Also, when it's turned on, it makes a soft, high pitched whistling sound, kind of like a small fly is buzzing around the inside of your ear canal trying to escape. It... gets annoying after a while.
This is quite a bit nicer turned off than on. Though if I wanted a moon on a disk, I could have made a far nicer one using a sticker. And it would have cost a hell of a lot less than $7.50.
It's not awful. No, actually it is kind of awful. Well, it's not without merits. The metal bar holding it up extends, giving you some options on how you want it displayed. And, despite not being the right color, it still looks kind of neat when used with the right toys.
Tuesday, October 18, 2011
Okay, so Bruce Wayne PROBABLY wouldn't have selected the headstones with a skull and crossbones motif. Probably.
But it wasn't like Michaels was selling miniature Halloween headstones with angels on them. And at $1.19 each after a 40% off sale, Batman can get over it.
Monday, October 17, 2011
These small, vinyl figures are being sold at Michaels for Halloween. While I've got some history with Michaels (I worked at one for a year right after college), I didn't actually stumble on these. I found out about these guys when Wes reviewed the pumpkin one over at Scary-Crayon Reviews and I went looking. The Michaels near me was sold out (assuming they ever had them in stock), though I did find a Santa vinyl figure (but it wouldn't be right to discuss that so far before Christmas, would it?).
I had some luck at a Michaels further afield, which miraculously had all four. They didn't have many left, either - at least one of these was the last in stock. At a mere $1.99 each, I picked up one of each. The only "packaging" is the cardboard tag tied to their necks. Inside, it offers a suggestion for how they might look painted.
These have cut neck and shoulder joints. Right now, my favorites are the pumpkin-head and the Frankenstein's monster, though that could change when I get them painted.
They're not spectacular, but they are a lot of fun and a bargain at two bucks each.
Sunday, October 16, 2011
I bought this figure a few months back for the giant 'I' packaged in the lower left - I wanted to give it to Zatanna as a table (more on that here).
Here's the figure intact with all his accessories. Don't get attached.
Almost immediately, the figure's lower arm snapped off. I didn't have much interest in keeping the figure intact anyway, so I decided to salvage the parts.
The head is fascinating. Despite being a traditional action figure in most respects, the head is actually more like a typical doll's: soft, hollow plastic with rooted hair.
He also came with this delightful spear.
I've kept everything except the green fuzz. I have no idea how much of this stuff I'll get around to using, but you never know.
Saturday, October 15, 2011
Ah, Halo. I've never played the game, but I sure have a lot of the action figures. Why? Because these things wind up in clearance more consistently than just about any other toys I know of. You just have to wait.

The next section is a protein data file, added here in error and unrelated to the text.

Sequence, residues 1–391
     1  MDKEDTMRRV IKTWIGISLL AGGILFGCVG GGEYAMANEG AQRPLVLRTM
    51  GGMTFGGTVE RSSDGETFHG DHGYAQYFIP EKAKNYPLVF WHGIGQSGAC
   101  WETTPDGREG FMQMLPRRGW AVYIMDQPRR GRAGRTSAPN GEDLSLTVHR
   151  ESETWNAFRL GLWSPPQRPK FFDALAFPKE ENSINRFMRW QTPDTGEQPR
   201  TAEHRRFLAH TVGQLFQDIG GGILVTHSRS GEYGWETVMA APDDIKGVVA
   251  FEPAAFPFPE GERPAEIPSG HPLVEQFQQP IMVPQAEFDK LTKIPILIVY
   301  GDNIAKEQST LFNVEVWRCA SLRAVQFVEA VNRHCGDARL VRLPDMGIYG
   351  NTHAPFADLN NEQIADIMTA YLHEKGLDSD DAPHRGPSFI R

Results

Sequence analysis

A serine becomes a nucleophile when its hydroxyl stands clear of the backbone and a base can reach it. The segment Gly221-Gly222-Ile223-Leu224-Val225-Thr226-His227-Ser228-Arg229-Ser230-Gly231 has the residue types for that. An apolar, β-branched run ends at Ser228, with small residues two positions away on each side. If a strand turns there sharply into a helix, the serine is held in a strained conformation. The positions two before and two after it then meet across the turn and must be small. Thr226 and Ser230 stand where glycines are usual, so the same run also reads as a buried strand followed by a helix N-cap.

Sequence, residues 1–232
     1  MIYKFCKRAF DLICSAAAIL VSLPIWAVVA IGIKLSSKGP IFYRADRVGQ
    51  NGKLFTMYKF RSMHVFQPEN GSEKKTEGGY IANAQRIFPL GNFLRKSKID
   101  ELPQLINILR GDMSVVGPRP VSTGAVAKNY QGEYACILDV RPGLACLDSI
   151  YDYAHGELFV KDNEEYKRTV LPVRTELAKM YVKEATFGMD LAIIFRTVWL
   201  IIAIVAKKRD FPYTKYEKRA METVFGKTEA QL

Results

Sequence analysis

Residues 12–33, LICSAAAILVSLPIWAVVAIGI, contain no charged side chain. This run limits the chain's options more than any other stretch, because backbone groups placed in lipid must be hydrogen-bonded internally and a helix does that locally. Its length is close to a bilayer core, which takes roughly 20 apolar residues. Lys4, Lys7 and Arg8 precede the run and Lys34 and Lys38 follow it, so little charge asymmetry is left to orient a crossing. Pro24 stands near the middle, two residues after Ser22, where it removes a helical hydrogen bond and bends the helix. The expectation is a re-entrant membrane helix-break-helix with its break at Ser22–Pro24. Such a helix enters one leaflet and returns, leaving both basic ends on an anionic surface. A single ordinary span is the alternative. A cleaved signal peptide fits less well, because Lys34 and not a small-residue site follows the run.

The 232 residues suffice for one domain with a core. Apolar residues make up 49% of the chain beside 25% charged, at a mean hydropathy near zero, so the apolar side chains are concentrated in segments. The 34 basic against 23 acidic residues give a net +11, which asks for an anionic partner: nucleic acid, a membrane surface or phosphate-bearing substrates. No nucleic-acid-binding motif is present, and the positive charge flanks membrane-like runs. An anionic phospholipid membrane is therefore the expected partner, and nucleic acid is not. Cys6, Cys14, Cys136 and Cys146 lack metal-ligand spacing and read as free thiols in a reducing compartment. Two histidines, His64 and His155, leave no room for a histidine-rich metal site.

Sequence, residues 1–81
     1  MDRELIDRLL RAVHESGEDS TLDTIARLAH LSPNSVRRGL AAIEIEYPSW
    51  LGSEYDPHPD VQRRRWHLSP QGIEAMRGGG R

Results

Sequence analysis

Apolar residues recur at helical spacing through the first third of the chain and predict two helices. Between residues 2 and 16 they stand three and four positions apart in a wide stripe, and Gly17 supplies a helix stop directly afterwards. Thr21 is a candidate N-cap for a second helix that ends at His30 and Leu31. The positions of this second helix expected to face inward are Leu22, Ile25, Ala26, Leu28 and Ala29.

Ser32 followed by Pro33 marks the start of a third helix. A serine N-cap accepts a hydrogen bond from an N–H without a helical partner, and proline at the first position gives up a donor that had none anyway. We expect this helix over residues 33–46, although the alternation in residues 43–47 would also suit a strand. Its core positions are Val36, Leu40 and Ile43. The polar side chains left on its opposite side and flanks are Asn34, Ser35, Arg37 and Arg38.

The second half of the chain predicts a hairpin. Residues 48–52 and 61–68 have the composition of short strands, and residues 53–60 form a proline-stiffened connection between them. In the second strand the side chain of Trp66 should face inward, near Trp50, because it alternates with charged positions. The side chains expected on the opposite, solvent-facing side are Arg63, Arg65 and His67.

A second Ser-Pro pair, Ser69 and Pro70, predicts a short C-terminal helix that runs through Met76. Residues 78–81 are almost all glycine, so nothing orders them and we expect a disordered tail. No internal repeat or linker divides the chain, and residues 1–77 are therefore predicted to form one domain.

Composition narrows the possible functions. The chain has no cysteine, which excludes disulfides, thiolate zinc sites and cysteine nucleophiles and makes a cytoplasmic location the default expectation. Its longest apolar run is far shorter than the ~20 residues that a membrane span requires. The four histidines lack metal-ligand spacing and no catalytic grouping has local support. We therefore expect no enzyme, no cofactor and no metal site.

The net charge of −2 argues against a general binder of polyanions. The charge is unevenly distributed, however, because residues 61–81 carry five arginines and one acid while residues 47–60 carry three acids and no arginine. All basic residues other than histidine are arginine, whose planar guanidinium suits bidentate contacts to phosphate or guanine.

Judging by appearances, this thing looks to be some sort of alien parasite. Beyond that, you probably know way more than I do.
I like the texture on this thing, though overall the design feels a bit too bizarre. I'm all for making aliens look alien, but if it takes a minute to determine which end is the front, it's gone too far.
I picked this up at a Toys R Us Express for three or four dollars. At some point, I've got a custom project that might incorporate some of the parts. Assuming I ever get the time, of course.
Friday, October 14, 2011
I'm pretty sure every collector has a bin like this containing extra build-a-figure and collect-and-connect parts. I hope to finish some of these figures eventually.
Thursday, October 13, 2011
Friday, October 7, 2011
This is, in Lindsay's own words, the bin of shit she's going to turn into something. I grabbed a picture from both sides, so you can fully appreciate the effect. For the record, I didn't shift, move, or rearrange anything before taking these pictures. What you see is what I came across.
Bonus game: Can you find both headless dinosaurs in the above pictures?
Thursday, October 6, 2011
Ah, Spawn. What would the 90's have been without you? I remember when it seemed like Spawn was here to stay, like he was the future of comics.
Ha! These days, the character's remembered more for his impact on toys than comics. Spawn may not matter much on the comic shelves, but the influence McFarlane had on the toy industry can't easily be overstated.
None of this has anything to do with I bought this, however. Honestly, I just wanted the parts, particularly the head. Well, the lower head, anyway.
If the copyright info on the back is to be believed, this guy's from 1996. The articulation is pretty good for the time, but clearly dated.
The sculpting is really the strong point: there are some really cool ridges and horns that have great custom potential. Not bad for five bucks at St. Mark's Comics.